Integrated linear diffraction grating spectrometer
Hnatiuk, Heather Joanne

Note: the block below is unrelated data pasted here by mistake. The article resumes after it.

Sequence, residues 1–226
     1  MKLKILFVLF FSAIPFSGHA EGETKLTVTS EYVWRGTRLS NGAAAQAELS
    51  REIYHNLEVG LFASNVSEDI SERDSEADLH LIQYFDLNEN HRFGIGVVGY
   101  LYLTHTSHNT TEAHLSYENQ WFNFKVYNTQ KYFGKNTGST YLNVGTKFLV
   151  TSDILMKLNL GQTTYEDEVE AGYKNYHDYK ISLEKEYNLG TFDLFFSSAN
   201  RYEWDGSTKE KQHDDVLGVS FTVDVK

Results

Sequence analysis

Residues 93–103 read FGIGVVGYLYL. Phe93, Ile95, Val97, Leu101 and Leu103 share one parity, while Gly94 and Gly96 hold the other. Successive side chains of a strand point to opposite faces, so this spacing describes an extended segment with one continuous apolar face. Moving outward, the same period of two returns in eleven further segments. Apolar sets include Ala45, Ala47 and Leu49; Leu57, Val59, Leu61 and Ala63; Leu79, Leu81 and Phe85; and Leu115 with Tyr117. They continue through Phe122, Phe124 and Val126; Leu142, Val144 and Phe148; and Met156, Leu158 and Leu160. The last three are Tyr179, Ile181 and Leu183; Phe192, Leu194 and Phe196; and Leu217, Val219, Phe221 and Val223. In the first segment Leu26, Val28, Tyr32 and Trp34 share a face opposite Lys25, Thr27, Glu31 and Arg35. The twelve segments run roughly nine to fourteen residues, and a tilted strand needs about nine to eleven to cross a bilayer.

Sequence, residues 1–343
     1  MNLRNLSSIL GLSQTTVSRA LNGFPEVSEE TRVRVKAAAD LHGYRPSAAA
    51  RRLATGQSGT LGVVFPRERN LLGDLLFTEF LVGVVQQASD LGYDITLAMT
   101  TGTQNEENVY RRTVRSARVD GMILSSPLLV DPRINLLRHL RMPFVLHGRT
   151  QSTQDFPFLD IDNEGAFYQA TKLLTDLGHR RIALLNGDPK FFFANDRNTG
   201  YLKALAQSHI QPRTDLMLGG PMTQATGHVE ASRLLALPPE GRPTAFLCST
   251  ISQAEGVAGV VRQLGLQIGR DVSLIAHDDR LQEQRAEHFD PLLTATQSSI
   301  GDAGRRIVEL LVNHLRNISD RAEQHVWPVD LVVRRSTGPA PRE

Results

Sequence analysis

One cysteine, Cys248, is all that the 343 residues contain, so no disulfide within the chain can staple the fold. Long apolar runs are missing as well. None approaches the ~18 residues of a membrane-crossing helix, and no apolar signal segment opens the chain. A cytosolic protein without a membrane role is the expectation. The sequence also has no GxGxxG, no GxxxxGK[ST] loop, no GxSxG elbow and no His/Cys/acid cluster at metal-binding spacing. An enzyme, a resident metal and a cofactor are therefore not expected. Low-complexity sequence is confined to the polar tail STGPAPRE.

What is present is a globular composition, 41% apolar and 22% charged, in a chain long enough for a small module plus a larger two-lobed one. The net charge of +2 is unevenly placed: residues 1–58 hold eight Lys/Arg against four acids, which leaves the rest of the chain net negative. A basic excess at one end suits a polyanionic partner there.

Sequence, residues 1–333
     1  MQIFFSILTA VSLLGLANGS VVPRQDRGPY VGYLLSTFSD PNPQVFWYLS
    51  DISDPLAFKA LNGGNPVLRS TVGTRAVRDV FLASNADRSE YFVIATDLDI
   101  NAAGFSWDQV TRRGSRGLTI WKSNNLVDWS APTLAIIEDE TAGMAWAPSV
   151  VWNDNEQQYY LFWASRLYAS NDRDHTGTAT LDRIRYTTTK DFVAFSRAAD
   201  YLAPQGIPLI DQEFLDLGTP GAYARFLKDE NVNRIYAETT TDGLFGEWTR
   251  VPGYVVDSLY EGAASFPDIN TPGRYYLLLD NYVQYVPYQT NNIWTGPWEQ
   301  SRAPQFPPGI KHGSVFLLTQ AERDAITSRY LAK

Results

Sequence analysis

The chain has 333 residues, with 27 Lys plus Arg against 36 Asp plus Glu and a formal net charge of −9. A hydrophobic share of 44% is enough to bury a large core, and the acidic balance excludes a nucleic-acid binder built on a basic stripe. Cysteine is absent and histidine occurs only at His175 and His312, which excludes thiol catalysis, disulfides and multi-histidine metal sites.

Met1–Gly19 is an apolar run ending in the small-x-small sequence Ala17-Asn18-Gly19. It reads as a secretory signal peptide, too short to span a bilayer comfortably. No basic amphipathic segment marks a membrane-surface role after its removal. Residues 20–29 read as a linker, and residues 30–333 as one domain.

The ever-increasing required capacity of telecommunications networks is driving research into new technology that can increase the network capacity with the lowest possible cost. One of the newest and most promising technologies is wavelength division multiplexing (WDM). This technology uses the concept of simultaneously transmitting many signals at different wavelengths down a single optical fiber. Optical signal transmission at four wavelengths, for example, quadruples the capacity of the current fiber infrastructure. The system, however, cannot be realized without a device that separates the signals at the receiver; i.e. a demultiplexer. Demultiplexers may use many different technologies (interference filter, or bulk grating for example). This thesis focuses on an integrated diffraction grating design. In this type of device, diffraction gratings are etched into slab waveguide layers. The incident light is guided hrough the slab and is reflected and diffracted by the grating. The diffraction process spatially separates the channels that were transmitted at different wavelengths. The goal of this thesis is to design, characterize and numerically model a novel integrated diffraction grating spectrometer. This design is to be used as a comparison to the performance of similar grating spectrometers using a different grating configuration. The guidelines used for design parameters of the spectrometer are defined by the concerns of the telecommunications industry. The device should have low insertion loss, low polarization dependent performance, high channel isolation, and use industry-defined channel spacings (and channel wavelengths). The designed integrated grating spectrometer uses a linear grating, to improve grating facet uniformity. The grating facets were designed to achieve large dispersion with a small device size. A concave mirror was used to collimate and focus the light. The spectrometer was fabricated and tested. It showed good channel spacing uniformity and output intensity profile shape. The insertion loss and polarization dependent performance were not sufficient for a practical telecommunications product however these problems may be solved with slightly different fabrication techniques. Simulations of the behaviour of the grating facets were done using finite-difference time-domain (FDTD) techniques. These results showed that the facet shape efficiently retro-reflected the incident light.